The difference between coaching and mentoring begins with their nomenclature: one is training while the other is mentoring. Despite this, both are tools that enhance the attraction and management of talent and skills.
In any case, these two methodologies are committed to boosting human capital, so it is necessary to know them in detail through their differences.
Coaching vs mentoring: who is who
Before focusing on the coaching vs mentoring binomial, it is necessary to address what each of them consists of separately.
Coaching is the accompaniment and training of a person focused on achieving the goals they have set for him or herself. In the process, they will learn to detect and enhance both their skills and competencies and will be able to unblock those obstacles that prevent them from reaching their maximum potential.
Mentoring is a training strategy whereby a specialist in a specific area transmits their knowledge and skills to a person to help them develop professionally within a company or institution and meet the company’s objectives. The mentor must have proven experience, and the mentee must be open to change.
A common feature is that both can be good strategies for learning, detecting, and managing talent.
Difference between coaching and mentoring
The main difference is given by the definitions of the words coaching and mentoring. Thus, the first is training, and the latter a tutelage, so their implications differ from the same starting point.
While coaching is task-oriented and helps the client reach their full potential, mentoring focuses on transmitting knowledge and skills to help the mentee grow.
We delve into the differences between coaching and mentoring by comparing several critical elements.
As far as coaching is concerned, it concentrates on reaching a goal and enhancing the person’s performance, but it does not work on technical skills but instead focuses on interpersonal skills.
In contrast, mentoring is a much broader process through transmitting knowledge and long-term accompaniment. The mentor is usually a person who belongs to the company or has the necessary experience to help the apprentice develop.
The objective of coaching is to accompany the person in discovering how they can achieve the goals they have set using their own potential that they do not know or know how to express.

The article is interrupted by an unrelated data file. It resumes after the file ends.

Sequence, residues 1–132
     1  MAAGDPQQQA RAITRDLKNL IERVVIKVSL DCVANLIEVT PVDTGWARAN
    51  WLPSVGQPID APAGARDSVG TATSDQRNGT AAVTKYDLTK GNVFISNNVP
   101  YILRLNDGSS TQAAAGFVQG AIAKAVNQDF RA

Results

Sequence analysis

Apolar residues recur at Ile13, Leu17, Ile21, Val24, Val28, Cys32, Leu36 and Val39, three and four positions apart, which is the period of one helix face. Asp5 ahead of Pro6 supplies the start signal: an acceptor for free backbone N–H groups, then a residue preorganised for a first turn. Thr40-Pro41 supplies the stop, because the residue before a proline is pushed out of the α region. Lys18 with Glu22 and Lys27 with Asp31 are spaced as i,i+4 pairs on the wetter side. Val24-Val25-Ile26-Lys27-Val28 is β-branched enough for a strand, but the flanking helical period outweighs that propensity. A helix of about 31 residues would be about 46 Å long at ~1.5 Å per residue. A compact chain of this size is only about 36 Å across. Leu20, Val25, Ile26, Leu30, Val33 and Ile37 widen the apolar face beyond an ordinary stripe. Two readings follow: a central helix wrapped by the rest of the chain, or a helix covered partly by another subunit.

In turn, mentoring aims to help the person acquire the skills and experience transmitted by the mentor. However, it is not about achieving short-term goals, but it can be achieved gradually over time.
Coaching, in most cases, is developed in a certain number of work sessions to achieve set milestones, mostly in the short term.
Regarding mentoring, it is considered a more lasting relationship -even years- where the person’s development and acquisition of knowledge and experience prevails.
At the beginning of the relationship with the mentee, the coach will observe and ask questions so that the mentee can set his or her objectives. In that sense, he focuses rather on the task and never gives his opinion, that is to say, he functions as a mirror for his client.
The dynamic of mentoring is more directive. The first step is to define the objectives. If it is a business mentoring, these must be faithful to the organization’s strategy, although it does not focus on the tasks, but on the relationship with its mentee.
Specialization and training
The coach is not an expert in the areas of knowledge of his client’s objectives but a specialist in accompaniment techniques.
A professional coach must have received some training on coaching methodology and its different approaches, such as emotional, transpersonal, systemic, etc.
On the contrary, mentoring requires a specialization of the mentor since it is based on one person’s training through the wisdom and experience of another. However, it does not require specific training.
For this reason, it is easier or quicker to put it into practice. This does not mean that it should not respond to a previous organization in which the objectives are studied, and a roadmap is marked.
Relationship between participants
While the coach does not provide solutions, but accompanies the process so that the answers emanate from the mentee in a relationship of equals, in mentoring there is a sort of hierarchical relationship by specialization in which the mentor frames and provides solutions.
Thus, mentoring is a flexible methodology since the mentor’s techniques evolve as they have to adapt to the mentee’s needs. In this sense, it is a two-way relationship where the mentee learns from someone who has experience in a specific area, and, in turn, mentors have the opportunity to transmit what they can offer, creating continuity and long-term communication vessels in the company.
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